Computer and internet technology is becoming widely available and heavily used by youth in the United States. Today's cancer prevention programs geared towards young individuals ought to consider technology as a cost-effective and attractive channel of information delivery. Our investigative team has implemented several technology-assisted early cancer prevention programs aimed at smoking prevention and cessation. Our first large-scale study that used computer technology (CD-ROM) was Project ASPIRE. This interactive multimedia program tailored to the needs of individual user was tested in 16 Houston-area high schools. At 18-month smoking initiation rates were significantly lower in the ASPIRE condition compared to controls (N=1,160; 1.9% vs. 5.9%, p<.05). The additive effects of multiple smoking initiation risks were examined using a cumulative model. As the level of risk increased smoking initiation increased significantly in the control group (2.7% to 17.2%, p<.001), while remaining low and stable in the intervention group. Currently, ASPIRE is being disseminated online among thousands of users in 21 states. Smoking cessation programs for community college students (laptop-assisted Project Look at Your Health) and university students (internet-based Project SUCCESS) were tested in two randomized controlled trials. In Project Look at Your Health (N=326), the cotinine-validated smoking quit rates at 10-month follow-up were 17.2% and 10.2% in the experimental group and standard-care group, respectively (p<.06). Statistically significant results were achieved in the updated and improved online version of the intervention used in Project SUCCESS. At 12 months, (N=236), the intent-to-treat analysis revealed the quit rates of 20% in the experimental condition versus 10% in the standard care, (p<.01). Currently, we are designing the 3rd version of the smoking cessation intervention for college students that systematically addresses depressive symptoms and alcohol use. Our investigative team is among the leaders designing the cutting-edge educational tools for youth in the form of video games. Our DOD-funded prototype tobacco prevention and cessation video game, Escape with Your Life, is using a hospital metaphor in which participants learn about the dangers of tobacco use while visiting various rooms (surgery, patient records, waste disposal, accounting, etc.). This novel educational tool is richly equipped with animations, videos, and interactive features. Escape with Your Life has produced promising preliminary results. Currently, we are in the final stages of designing a tablet computer-based smoking cessation video game for the U.S. Army service members who are at high risk for lifelong nicotine dependence and multiple tobacco-attributable cancers.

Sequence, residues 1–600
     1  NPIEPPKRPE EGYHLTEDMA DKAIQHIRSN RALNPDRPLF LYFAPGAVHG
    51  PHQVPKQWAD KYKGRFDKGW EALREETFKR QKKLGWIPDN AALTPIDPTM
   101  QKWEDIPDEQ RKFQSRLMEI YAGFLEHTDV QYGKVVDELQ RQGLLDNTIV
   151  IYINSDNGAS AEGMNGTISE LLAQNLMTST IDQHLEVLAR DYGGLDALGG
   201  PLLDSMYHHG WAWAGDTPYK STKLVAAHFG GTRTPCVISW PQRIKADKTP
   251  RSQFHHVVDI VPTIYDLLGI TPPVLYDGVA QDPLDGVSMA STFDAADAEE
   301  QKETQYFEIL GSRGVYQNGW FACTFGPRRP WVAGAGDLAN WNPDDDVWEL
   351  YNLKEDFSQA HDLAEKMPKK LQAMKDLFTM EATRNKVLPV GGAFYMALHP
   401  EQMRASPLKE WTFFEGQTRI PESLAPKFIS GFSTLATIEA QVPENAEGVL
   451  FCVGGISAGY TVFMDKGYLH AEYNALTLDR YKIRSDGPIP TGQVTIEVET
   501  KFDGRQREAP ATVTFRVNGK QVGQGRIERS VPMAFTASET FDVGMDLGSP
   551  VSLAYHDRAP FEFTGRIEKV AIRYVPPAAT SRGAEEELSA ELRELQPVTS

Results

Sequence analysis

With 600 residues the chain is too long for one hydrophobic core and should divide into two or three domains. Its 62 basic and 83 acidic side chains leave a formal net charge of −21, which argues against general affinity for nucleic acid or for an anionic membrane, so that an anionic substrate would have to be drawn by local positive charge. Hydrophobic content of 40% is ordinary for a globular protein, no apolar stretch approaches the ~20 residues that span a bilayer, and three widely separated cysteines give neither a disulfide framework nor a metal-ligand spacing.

Citation Information: Cancer Prev Res 2011;4(10 Suppl):PL03-02.